(c) The RA'AVAD (Hasagos to Rambam, ad loc.) rules that a person who wants to Daven an additional Shemoneh Esreh as a freewill prayer may only do so when the Shemoneh Esreh that he is repeating is a prayer of requests to Hashem for mercy. Therefore, a person may recite Musaf a second time on Rosh Chodesh or Chol ha'Mo'ed as a Nedavah. On a day when it is not appropriate to ask for Rachamim, though, such as Shabbos or Yom Tov, one may not Daven a Nedavah. According to the Ra'avad, a communal group may also Daven a Shemoneh Esreh as a Nedavah. (The Ra'avad does not agree with the Rif that only when a Korban Nedavah may be brought, may a freewill Shemoneh Esreh be recited.)

(d) The OR ZARUA in the Hagahos Ashiri and RAV HAI GA'ON write that a person may recite a freewill Shemoneh Esreh whenever he wants, but only on condition that he adds a new request to his Shemoneh Esreh. The concept of a Nedavah, they understand, is that a person is asking for something more, and not that he is bringing a freewill offering.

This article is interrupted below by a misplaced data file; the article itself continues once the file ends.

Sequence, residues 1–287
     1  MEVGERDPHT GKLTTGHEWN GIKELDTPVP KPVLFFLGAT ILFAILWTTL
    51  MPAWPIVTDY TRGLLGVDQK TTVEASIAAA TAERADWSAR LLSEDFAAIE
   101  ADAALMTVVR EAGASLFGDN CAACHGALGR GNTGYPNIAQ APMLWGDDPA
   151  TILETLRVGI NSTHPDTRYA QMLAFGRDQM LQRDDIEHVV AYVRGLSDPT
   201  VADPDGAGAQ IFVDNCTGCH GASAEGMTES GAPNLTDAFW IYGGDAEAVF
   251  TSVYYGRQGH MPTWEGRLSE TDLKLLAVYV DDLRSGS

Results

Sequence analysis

HALACHAH: The SHULCHAN ARUCH (OC 107:1) rules like the Rif and Rambam (b). However, the TUR cites the ROSH who concludes in a responsum that one should only Daven a second time if he adds a new request, like the opinion of Rav Hai Ga'on (d). The Rosh also rules that one should not Daven a Nedavah prayer on Shabbos or Yom Tov (he does not mention the limitations of Musaf and compunal prayer), which appears to be in accordance with the Ra'avad's opinion (c) that a Nedavah prayer must be Davened as a prayer for Rachamim. The Rosh, then, requires the conditions of both the Ra'avad and Rav Hai Ga'on.